Another standard blunder at home is the idea that no fat should be eaten in the tropics. It is also falsely stated that tropical natives do not use fats to any great extent. Doctor Semeleder, of Cordoba, Vera Cruz, writes that under the effect of this false idea, foreign visitors to the tropics "are always shocked by the quantity of fats these people take." An army surgeon, who has seen much of the lower classes in Cuba, informs me that they have an intense desire for fats. In the Philippines fat pork is one of their necessities. In the Mediter anean all the nations fairly grovel in grease - all their foods swim in oil of which they consume large quantities. Maj. P. R. Egan, Surgeon, United States Army,* also calls attention to the great taste for fats shown by the native Porto Ricans, who consume large quantities whenever they can get it. He scouts at the idea that there is any distaste for fats in any quantity in the tropics. He also called attention to the blunder of reducing our ration to the standard of starved savages unable to get food. Dr. H. E. Banatvala, Major, Indian Medical Staff,* mentions the great necessity of fats in the tropics. He also talks of the necessity for a liberal ration in campaign, though less is needed in garrison in tropics. In the Philippines we tried reducing the bacon and the soldiers at once bought lard, and the commissary officers reported that there is a demand for more fat bacon than the allowance. It is a natural normal thirst, and all of us find ourselves eating fat things with relish, even more so than at home. Practical experience is unanimous that our idea of reducing fats in the tropics was another of those ignorant ideas coming from men who never lived south of Boston.
* "Ideal Ration for the Tropics," Journal Military Service Institution, 1900. * Boston, Medical and Surgical Journal, March 21, 1901.
Maj. Jas. N. Austin, Chief Commissary Department Northern Philippines reports July 1, 1902:
"Continual experiences confirm the conviction that the theory of a special ration for the tropics is untenable. The demand for fats and sweets among the troops doing duty in the Islands is quite equal to that found among those in Alaska. As shown by invoices, between 60,000 and 70,000 pounds of candy have been shipped since August 24, 1901, to different posts in the department. And in all the accumulation of components of the ration reported in excess of needs of stations following the departure of the volunteers last summer, and consequent heavy reduction of garrisons amounting to many thousands of pounds, not a pound of sugar was reported in excess of needs. And this in face of the fact that the authorized allowance of this component has been increased by one-third. It is only a few days since a letter was received from the commissary at a station nearer the equator by some degrees than this, asking if the seven-tenths allowance of fresh beef his men were receiving might not be reduced and the allowance of bacon correspondingly increased, there being a general appeal to that effect. While no fault was found with the beef which was uniformly excellent, the men wanted more bacon".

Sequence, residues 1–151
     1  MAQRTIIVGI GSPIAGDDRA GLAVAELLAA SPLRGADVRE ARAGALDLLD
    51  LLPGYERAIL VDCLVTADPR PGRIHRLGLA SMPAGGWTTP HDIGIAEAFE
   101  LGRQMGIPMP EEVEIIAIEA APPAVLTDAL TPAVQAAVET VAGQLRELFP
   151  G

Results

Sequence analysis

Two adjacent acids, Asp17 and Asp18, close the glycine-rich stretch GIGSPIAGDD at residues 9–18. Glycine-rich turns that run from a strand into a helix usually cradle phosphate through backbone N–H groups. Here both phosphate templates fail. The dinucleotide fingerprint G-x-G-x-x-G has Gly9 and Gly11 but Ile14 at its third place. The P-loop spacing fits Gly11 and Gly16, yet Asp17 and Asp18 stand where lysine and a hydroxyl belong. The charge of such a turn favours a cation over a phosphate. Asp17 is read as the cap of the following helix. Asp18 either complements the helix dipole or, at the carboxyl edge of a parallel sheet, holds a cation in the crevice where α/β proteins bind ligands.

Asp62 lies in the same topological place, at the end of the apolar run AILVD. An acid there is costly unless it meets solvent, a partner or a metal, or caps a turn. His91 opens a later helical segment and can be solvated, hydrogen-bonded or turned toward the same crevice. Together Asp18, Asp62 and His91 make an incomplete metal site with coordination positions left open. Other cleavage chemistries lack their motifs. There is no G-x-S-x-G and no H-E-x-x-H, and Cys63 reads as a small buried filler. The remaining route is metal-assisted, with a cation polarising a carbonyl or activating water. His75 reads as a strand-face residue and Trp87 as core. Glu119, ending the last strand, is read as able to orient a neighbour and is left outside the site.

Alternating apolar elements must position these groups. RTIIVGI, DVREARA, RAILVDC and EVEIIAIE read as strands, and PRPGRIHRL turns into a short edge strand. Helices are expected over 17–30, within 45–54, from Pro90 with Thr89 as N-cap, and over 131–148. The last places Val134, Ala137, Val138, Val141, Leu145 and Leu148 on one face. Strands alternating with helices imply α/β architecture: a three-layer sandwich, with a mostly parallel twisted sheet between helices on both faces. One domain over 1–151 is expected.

Sawyer, previously quoted, also says:
"Employers seem to forget that the ordinary food of a native, rice and fish, is not sufficiently nourishing to enable him to do hard and continuous work, such as is required in mining. A higher rate of pay than the current wages is essential to allow the miner to supply himself with an ample ration of beef or pork, coffee and sugar. The Roman Catholic Church has had the wisdom to recognize and make allowance for the liability of residents and natives of the Philippines to this serious disorder (neurasthenia), and has relaxed the usual rules of fasting, as being dangerous to health. In the tropics a good table is a necessity, for the appetite needs tempting. Such a diet as I have mentioned (plenty of meats and other nitrogenous foods), will keep you in health, especially if you are careful not to eat too much, but to eat of the best".
* New York Medical Journal, May 26, 1900.
The diet he recommends, eggs, chickens, plenty of ripe fruit, diversified with oysters, prawns, crabs, wild duck, snipe and quail, would be wholly impossible in a ration, for not a thousandth part of amounts needed could be obtained. The soldier must have easily supplied staple articles. In other words, residence in the tropics is impossible unless we import appropriate foods, and even if acclimatization were possible the "colonists" would be fed from home.